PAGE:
Montana Meth Project Research Paper

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As the number of meth users grew in Montana, Thomas and Stacey Siebel decided action need to be taken. As a result the, Montana Meth Project was birthed. The Montana Meth Project intended to show the public the horrors of meth use. This project used scare tactics, in the hope of steering young adults away from the substance. According to the Montana Meth Project’s official website, they were able to decrease meth use in Arizona by 65 percent, in Montana by 63 percent and Idaho by 56 percent (Montana Meth Project). But, do these scare campaigns actually work? Does exaggerating information have any consequences? Do these tactics undermine young adult’s trust? And was this campaign actually successful? Many people, as well as I, agree negative campaigns do not decrease drug use. When referring back to the film, Reefer Madness one will realize scare tactics never actually worked. As in the case of Reefer Madness, the film was viewed as propaganda and considered a joke among its watchers. According…show more content…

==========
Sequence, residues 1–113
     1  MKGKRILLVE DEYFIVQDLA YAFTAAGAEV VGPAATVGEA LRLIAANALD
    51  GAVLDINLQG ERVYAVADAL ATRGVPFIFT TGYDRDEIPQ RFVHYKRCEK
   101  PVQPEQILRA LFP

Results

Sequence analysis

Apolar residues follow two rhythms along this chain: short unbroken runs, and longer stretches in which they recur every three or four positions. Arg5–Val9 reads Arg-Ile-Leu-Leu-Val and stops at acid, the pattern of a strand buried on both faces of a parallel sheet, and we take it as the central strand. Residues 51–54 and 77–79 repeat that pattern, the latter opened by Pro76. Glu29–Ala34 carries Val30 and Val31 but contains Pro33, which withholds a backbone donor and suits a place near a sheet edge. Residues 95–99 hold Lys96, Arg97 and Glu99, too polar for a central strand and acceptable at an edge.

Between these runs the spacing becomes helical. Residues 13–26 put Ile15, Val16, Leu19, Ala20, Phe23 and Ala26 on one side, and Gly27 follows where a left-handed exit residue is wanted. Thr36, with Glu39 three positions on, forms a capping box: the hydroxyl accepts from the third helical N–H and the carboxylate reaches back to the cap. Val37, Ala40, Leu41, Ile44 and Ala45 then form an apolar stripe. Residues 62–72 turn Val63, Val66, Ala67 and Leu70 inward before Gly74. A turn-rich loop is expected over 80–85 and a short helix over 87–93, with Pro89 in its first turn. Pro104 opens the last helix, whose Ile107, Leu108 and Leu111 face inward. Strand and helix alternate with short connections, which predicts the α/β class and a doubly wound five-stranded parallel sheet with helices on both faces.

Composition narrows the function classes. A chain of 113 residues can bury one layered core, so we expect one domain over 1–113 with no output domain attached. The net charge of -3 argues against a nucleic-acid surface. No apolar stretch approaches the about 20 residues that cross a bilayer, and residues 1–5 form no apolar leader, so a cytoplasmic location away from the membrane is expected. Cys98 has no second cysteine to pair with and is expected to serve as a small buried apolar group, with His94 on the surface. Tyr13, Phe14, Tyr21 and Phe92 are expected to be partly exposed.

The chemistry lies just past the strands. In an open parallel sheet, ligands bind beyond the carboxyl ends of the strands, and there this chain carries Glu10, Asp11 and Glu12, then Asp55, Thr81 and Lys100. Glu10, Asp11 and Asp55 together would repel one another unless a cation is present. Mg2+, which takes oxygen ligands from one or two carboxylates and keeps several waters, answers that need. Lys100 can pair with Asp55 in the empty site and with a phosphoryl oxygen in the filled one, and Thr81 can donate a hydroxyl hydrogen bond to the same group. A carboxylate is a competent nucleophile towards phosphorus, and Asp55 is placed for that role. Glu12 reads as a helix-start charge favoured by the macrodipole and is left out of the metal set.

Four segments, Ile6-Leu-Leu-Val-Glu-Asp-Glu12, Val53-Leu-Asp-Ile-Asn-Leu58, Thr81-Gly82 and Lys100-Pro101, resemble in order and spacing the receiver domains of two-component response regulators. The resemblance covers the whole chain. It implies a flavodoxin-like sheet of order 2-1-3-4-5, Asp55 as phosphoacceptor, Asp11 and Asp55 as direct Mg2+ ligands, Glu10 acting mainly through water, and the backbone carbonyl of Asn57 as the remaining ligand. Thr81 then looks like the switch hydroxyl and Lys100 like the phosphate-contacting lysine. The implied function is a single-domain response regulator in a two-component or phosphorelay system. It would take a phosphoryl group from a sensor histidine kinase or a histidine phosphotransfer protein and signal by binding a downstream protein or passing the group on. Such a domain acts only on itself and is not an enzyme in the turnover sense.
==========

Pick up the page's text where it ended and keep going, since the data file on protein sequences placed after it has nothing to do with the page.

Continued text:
Yes, the official website report of decreasing meth use in Arizona by 65 percent, in Montana by 63 percent and Idaho by 56 percent is true (Montana Meth Project). However, researchers report that “meth use had been declining for at least six years before the ad campaign commenced, which suggests that factors other than the graphic ads caused a reduction in meth use. Moreover, these researchers discovered “teens who had been exposed to six months of the project 's graphics ads were three times as likely to say they did not believe meth use was risky behavior and four times more likely to strongly approve of regular meth use. Half of the teens said the ads exaggerated the dangers of meth use” (Smith). These findings indicate that the Montana Meth Project was not as successful as they claimed to be. Due to the fact, the exaggerated drug information, what is preventing them from not exaggerating their success
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